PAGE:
[Show abstract][Hide abstract] ABSTRACT: In recent years, advances and improvements in engineering and robotics have been strengthening interactions between biological science and robotics in the goal of mimicking the complexity of biological systems. In this paper, motor control paradigms inspired by human mechanisms of sensory-motor coordination are applied to a biologically-inspired, purpose-designed robotic platform. The goal was to define and implement a multi-network architecture and to demonstrate that progressive learning of object grasping and manipulation can greatly increase performance of a robotic system in terms of adaptability, flexibility, growing competences and generalization, while preserving the robustness of traditional control. The paper presents the neural approach to sensory-motor coordination and shows preliminary results of the integration with the robotic system by means of simulation tests and experimental trials.
Robotics and Automation, 2005. ICRA 2005. Proceedings of the 2005 IEEE International Conference on; 05/2005
[Show abstract][Hide abstract] ABSTRACT: PURPOSE AND MATERIALS: To evaluate the cortical response to visual stimulation in patients with age-related macular degeneration (ARMD), we conducted a functional MRI study in ten patients presenting unilateral or bilateral ARMD and five age-matched controls, using white flashes during activation phases (see Part I).
After anatomical conformation, eight patients and four controls showed significant cortical hemodynamic response to monocular stimulations. Individual analysis was preferred to group evaluation, because of the differences in visual loss in a small number of patients. In controls, we observed cortical response in the primary visual cortex, especially at occipital poles corresponding to the macula. Patients showed a qualitative and quantitative restriction in cortical response and exclusion of occipital poles after stimulation of the affected eye, whereas activation was found in the peripheral striate and peristriate cortex. Cortical response showed hemispheric asymmetry in some patients.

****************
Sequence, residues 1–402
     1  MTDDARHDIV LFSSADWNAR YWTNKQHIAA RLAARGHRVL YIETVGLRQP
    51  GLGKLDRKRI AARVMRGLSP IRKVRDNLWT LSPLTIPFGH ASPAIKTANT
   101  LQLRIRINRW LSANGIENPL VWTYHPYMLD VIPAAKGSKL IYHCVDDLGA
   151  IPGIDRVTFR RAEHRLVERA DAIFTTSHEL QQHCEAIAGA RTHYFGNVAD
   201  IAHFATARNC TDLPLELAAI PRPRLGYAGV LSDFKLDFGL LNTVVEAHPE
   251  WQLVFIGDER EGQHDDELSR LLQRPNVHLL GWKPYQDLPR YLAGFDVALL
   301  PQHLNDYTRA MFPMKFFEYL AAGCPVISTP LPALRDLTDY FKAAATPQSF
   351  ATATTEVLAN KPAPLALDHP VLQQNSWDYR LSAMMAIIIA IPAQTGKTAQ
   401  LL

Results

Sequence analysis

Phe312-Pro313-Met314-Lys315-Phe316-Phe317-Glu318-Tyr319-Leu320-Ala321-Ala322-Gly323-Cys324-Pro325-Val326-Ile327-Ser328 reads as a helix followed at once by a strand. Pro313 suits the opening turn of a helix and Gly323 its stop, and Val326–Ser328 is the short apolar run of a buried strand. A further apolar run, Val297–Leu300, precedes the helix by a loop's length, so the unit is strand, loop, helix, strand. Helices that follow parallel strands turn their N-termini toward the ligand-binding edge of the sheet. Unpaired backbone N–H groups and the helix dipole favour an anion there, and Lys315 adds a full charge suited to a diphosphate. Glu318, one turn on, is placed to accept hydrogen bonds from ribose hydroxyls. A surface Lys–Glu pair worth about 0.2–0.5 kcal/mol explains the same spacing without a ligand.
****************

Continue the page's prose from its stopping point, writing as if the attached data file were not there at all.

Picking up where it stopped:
Our study demonstrated an activation defect in the macular projected striate cortex, corresponding to visual impairment in ARMD patients. Nevertheless, at a given visual acuity, cortical response may vary among subjects. Patients' subjective apprehension may account for such variations, as well as objective visual capacity stemming from residual functional retinal areas within the affected macula. The hemispheric asymmetry in cortical activation may result from gaze deviation onto the new fixation area in the perimacular retina, thus altering the global visual field. Enhancement in the peripheral striate and peristriate areas suggests changes in cortical interactions, possibly by a lowering of the feedback from macular projected V1. Finally, cortical evaluations must take into account degenerative phenomena delaying the hemodynamic response in the elderly.